The International Society of Automation (ISA) announced today that it has created a named scholarship fund in honor of Dick Morley, a longtime ISA supporter, founder of Modicon (now part of Schneider Electric) and the initial designer of the first Programmable Logic Controller (PLC)—a primary component in modern-day automation. Morley, 84, passed away on 17 October. His obituary can be found here.
Morley was an engineer, inventor, entrepreneur, consultant and author who contributed significantly to a wide range of revolutionary, high-technology advancements over more than four decades. An internationally recognized visionary and expert in computer design, artificial intelligence, automation and factories of the future, Morley held more than 20 US and foreign patents.
The scholarship fund, named the Richard E. “Dick” Morley Innovation Scholarship, will be funded by ISA with a $50,000 endowment. ISA has also pledged to match the next $50,000 of donations. Click here for more information about the scholarship fund and to donate.
“Dick Morley wasn’t just the inventor of modern-day automation—he was also a mentor and a friend to many of our members and leaders around the world,” said ISA President Steve Pflantz. “He was a one-of-a-kind person, someone you could never forget. His humor and wit, along with his incredibly creative way of looking at life, made him a force for good in our industry, our society, and the world. He will be missed.”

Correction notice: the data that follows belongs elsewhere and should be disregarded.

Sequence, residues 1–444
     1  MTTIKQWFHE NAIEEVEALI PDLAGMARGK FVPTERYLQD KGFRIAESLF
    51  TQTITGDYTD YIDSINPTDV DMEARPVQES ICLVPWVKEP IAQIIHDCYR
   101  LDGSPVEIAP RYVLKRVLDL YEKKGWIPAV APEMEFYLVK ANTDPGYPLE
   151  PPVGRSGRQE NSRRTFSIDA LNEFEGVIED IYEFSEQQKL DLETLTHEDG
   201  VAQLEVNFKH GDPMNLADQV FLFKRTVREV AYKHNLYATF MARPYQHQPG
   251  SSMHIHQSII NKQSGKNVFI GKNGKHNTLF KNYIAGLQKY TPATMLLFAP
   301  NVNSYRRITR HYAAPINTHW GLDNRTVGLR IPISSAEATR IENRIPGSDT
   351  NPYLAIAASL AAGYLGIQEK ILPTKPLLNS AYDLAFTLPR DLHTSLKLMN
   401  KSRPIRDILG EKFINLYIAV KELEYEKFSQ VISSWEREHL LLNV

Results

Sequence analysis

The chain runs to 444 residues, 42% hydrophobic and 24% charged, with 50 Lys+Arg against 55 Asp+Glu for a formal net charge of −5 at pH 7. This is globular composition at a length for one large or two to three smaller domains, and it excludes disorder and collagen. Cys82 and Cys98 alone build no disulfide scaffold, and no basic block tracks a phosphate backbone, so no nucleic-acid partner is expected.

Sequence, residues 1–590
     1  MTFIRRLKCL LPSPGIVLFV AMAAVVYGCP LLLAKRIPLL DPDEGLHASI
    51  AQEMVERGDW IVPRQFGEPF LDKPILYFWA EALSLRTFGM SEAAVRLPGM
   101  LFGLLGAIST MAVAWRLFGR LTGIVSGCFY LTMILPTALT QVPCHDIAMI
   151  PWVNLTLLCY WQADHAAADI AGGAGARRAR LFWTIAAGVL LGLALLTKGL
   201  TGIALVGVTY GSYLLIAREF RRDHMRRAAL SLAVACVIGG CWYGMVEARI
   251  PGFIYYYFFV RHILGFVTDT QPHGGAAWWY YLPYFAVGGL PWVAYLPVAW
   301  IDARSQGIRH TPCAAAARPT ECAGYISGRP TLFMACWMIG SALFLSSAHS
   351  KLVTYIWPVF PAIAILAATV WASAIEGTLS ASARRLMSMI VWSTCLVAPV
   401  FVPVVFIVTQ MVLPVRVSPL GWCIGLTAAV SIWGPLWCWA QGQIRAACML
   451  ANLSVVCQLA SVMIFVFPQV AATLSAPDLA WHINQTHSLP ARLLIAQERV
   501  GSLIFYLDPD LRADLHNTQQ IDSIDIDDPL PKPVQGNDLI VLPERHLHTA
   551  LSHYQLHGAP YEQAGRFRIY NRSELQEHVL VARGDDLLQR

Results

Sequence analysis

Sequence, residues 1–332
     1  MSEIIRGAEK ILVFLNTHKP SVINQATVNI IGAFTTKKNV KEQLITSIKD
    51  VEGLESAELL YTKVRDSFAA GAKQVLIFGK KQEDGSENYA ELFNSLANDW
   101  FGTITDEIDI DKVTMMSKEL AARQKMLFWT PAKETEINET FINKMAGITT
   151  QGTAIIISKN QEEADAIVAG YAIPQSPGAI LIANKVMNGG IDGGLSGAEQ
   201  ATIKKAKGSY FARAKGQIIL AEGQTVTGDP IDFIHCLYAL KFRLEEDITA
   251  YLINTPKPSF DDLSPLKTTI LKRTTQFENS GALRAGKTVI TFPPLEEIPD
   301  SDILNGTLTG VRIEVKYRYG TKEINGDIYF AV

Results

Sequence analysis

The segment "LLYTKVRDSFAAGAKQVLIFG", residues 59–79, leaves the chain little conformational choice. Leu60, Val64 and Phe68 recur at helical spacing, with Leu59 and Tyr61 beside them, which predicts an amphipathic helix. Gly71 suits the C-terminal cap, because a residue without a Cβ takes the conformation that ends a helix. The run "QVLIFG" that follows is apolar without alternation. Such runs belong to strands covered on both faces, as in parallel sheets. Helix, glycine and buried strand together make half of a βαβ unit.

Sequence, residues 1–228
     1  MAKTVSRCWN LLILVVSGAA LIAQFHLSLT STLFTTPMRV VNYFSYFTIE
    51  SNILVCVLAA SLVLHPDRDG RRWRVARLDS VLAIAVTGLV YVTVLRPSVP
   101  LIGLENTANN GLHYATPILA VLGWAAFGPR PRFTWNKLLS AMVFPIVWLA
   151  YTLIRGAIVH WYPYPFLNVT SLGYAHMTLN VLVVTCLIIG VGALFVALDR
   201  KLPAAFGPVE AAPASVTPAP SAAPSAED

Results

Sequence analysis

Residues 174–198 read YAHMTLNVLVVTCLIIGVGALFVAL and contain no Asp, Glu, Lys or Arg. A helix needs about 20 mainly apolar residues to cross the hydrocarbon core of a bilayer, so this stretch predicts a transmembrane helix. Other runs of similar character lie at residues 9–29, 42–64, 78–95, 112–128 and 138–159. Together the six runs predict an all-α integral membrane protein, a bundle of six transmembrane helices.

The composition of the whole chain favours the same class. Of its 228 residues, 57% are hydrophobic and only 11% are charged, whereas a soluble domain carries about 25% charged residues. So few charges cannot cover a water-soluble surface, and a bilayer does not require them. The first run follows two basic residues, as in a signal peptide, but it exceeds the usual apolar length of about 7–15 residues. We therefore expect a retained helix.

Morley is best known for developing the programmable logic controller (PLC), a breakthrough in the growth and advancement in industrial automation. PLCs are integral to factory automation and industrial processes, controlling a wide array of applications from lighting functions to environmental systems to chemical processing plants.
His initial PLC—which he designed for continuous processing applications—was demonstrated at GM in 1969 as Bedford Associates Modicon 084 solid-state sequential logic solver.
Driven by his inventiveness and ingenuity, Morley founded numerous technology companies. His breakthroughs in research and development blazed a pathway for ongoing discoveries and innovations.
For many years, Morley hosted the annual “Geek Pride Day” festival in New Hampshire, where he lived with his late wife, Shirley. Morley and his wife had three biological children and 27 foster children.
“We know that one of the most important parts of Morley’s life was his work with young people,” commented Pflantz. “He was passionate about giving kids a chance to innovate, to redefine their lives, and to make a difference in the world. We intend to make sure that this scholarship fund continues that legacy in some small way.”
For more information, click here